Now I come to Moses in Exodus 34. Moses, who was often in touch with the Lord, here desires to see His glory, and the Lord graciously responded, and declared His name before him, and, in the light of that appearing, Moses can go through the wilderness in the knowledge of God’s wonderful character: “Merciful and gracious, slow to anger, and abundant in goodness and truth”. God was declared in such a light as to enable Moses to carry out his heavy responsibilities, and to conduct the people of God through the wilderness under the impulse of that manifestation. I believe that every servant, in order to do any work which is entrusted to him, has to have a manifestation of the character of God or of the Lord, which will fit him for the conduct of that spiritual enterprise, however small or however great the service. If he is to serve the saints rightly, the servant must have an apprehension of the character of God which will fit him for the carrying out of what is laid upon him; and that held good with Moses. The manifestation of God in this manner just suited the character of the moment and exactly brought out what Moses required to know of God, and of the character in which he should represent God to the people. With this manifestation of God to Moses he gets also a great sense of his own insignificance, so that he could say, “Alas, this people has sinned a great sin … And now, if thou wilt forgive their sin … but if not, blot me, I pray thee, out of thy book” (Exodus 32:31, 32); as much as to say, I do not mind about myself, let the people of God be blessed, and if my extinction will help their blessing, let my extinction take place. That would be quite in keeping with the manifestation of God, and would be the right spirit surely of a servant. So God confirms His servant in his service.He recognises him, and Moses goes forth to that arduous service in the light of that particular manifestation of God to his soul.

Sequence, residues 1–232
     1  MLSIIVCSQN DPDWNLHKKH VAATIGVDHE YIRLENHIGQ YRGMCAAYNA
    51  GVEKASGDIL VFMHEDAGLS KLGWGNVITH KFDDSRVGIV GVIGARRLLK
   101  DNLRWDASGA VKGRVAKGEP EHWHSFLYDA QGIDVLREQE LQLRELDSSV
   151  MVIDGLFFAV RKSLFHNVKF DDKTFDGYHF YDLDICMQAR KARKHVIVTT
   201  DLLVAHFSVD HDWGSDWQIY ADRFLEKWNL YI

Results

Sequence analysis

Now, as to the next incident that I read (1 Kings 3), that of Solomon, and the Lord appearing to him in a dream, I would point out that it was a very great thing for Solomon to recognise that the source of wisdom was in God, and that God was prepared to give it to him. I think that has a very practical bearing on our souls; for there are occasions in which the greatest spiritual wisdom is needed. There are difficulties arising constantly amongst and regarding the Lord’s people, and where are we to go? Whom are we to address for the solution of those difficulties? Solomon at the outset of his career addressed the right Person and found the right source; he found in a manifest way that the wisdom he needed for ruling so great and numerous a people was to be found in God alone, and so must we. We may take all sorts of measures and investigate all avenues, so to speak, in order to find the wisdom to meet a certain difficulty, but we are brought to the fact that wisdom comes only from God. In regard of the assembly it comes from her exalted Head, and all of us should have the strong impression from the Lord Himself, and from God Himself, that that is where the source of wisdom lies. So we do not act restlessly, wandering about, so to say, for guidance, much as we value the advice of our brethren through whom wisdom is often ministered to our souls; for, through whomsoever the wisdom comes, the source of it is the assembly’s Head! What rest it gives to the spirit to know that there is no difficulty the solution of which does not lie in the mind of God, and that it is possible for us to get it! It was surely the humble spirit in Solomon that got that answer; it was the lowly spirit that did not seek his own greatness. If there is any spirit of desiring to be great the Lord will not give us wisdom; but in the absence of that and having a pure desire to serve the Lord’s people, God will give the answer.